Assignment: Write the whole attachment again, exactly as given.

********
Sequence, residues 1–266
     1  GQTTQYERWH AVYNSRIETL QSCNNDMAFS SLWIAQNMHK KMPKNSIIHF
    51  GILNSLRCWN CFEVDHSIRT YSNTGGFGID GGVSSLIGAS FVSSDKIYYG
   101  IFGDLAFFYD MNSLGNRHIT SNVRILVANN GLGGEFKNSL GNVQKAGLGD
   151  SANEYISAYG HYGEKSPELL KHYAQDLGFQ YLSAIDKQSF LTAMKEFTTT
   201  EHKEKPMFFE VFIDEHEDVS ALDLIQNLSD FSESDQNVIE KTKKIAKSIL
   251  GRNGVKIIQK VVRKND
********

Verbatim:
Sequence, residues 1–266
     1  GQTTQYERWH AVYNSRIETL QSCNNDMAFS SLWIAQNMHK KMPKNSIIHF
    51  GILNSLRCWN CFEVDHSIRT YSNTGGFGID GGVSSLIGAS FVSSDKIYYG
   101  IFGDLAFFYD MNSLGNRHIT SNVRILVANN GLGGEFKNSL GNVQKAGLGD
   151  SANEYISAYG HYGEKSPELL KHYAQDLGFQ YLSAIDKQSF LTAMKEFTTT
   201  EHKEKPMFFE VFIDEHEDVS ALDLIQNLSD FSESDQNVIE KTKKIAKSIL
   251  GRNGVKIIQK VVRKND